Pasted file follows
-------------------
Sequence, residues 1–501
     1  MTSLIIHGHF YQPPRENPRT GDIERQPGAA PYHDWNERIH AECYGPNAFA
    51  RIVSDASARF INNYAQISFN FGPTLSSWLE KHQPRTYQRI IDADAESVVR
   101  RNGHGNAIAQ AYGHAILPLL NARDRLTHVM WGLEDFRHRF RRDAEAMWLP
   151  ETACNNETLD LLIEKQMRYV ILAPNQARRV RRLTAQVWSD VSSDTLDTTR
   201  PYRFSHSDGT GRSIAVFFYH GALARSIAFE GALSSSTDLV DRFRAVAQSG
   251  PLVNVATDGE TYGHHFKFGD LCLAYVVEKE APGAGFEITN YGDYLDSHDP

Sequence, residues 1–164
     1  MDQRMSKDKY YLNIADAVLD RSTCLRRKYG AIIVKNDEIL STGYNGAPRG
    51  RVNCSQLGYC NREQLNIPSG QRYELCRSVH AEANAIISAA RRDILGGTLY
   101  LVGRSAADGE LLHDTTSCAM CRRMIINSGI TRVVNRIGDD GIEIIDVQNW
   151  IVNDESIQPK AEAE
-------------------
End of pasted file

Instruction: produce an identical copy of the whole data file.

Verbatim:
Sequence, residues 1–501
     1  MTSLIIHGHF YQPPRENPRT GDIERQPGAA PYHDWNERIH AECYGPNAFA
    51  RIVSDASARF INNYAQISFN FGPTLSSWLE KHQPRTYQRI IDADAESVVR
   101  RNGHGNAIAQ AYGHAILPLL NARDRLTHVM WGLEDFRHRF RRDAEAMWLP
   151  ETACNNETLD LLIEKQMRYV ILAPNQARRV RRLTAQVWSD VSSDTLDTTR
   201  PYRFSHSDGT GRSIAVFFYH GALARSIAFE GALSSSTDLV DRFRAVAQSG
   251  PLVNVATDGE TYGHHFKFGD LCLAYVVEKE APGAGFEITN YGDYLDSHDP

Sequence, residues 1–164
     1  MDQRMSKDKY YLNIADAVLD RSTCLRRKYG AIIVKNDEIL STGYNGAPRG
    51  RVNCSQLGYC NREQLNIPSG QRYELCRSVH AEANAIISAA RRDILGGTLY
   101  LVGRSAADGE LLHDTTSCAM CRRMIINSGI TRVVNRIGDD GIEIIDVQNW
   151  IVNDESIQPK AEAE